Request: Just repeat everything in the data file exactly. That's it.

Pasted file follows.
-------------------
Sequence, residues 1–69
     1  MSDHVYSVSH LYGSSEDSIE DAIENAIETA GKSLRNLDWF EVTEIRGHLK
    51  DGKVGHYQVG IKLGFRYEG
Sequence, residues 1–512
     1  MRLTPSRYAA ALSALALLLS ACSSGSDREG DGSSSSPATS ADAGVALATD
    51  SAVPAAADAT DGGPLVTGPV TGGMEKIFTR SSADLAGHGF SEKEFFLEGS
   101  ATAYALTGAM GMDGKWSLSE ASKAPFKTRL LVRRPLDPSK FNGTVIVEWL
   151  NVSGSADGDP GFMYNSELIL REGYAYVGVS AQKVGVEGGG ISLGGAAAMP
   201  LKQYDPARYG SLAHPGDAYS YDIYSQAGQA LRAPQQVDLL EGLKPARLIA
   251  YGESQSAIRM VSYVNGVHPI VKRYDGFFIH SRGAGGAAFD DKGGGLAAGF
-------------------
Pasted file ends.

Sequence, residues 1–69
     1  MSDHVYSVSH LYGSSEDSIE DAIENAIETA GKSLRNLDWF EVTEIRGHLK
    51  DGKVGHYQVG IKLGFRYEG
Sequence, residues 1–512
     1  MRLTPSRYAA ALSALALLLS ACSSGSDREG DGSSSSPATS ADAGVALATD
    51  SAVPAAADAT DGGPLVTGPV TGGMEKIFTR SSADLAGHGF SEKEFFLEGS
   101  ATAYALTGAM GMDGKWSLSE ASKAPFKTRL LVRRPLDPSK FNGTVIVEWL
   151  NVSGSADGDP GFMYNSELIL REGYAYVGVS AQKVGVEGGG ISLGGAAAMP
   201  LKQYDPARYG SLAHPGDAYS YDIYSQAGQA LRAPQQVDLL EGLKPARLIA
   251  YGESQSAIRM VSYVNGVHPI VKRYDGFFIH SRGAGGAAFD DKGGGLAAGF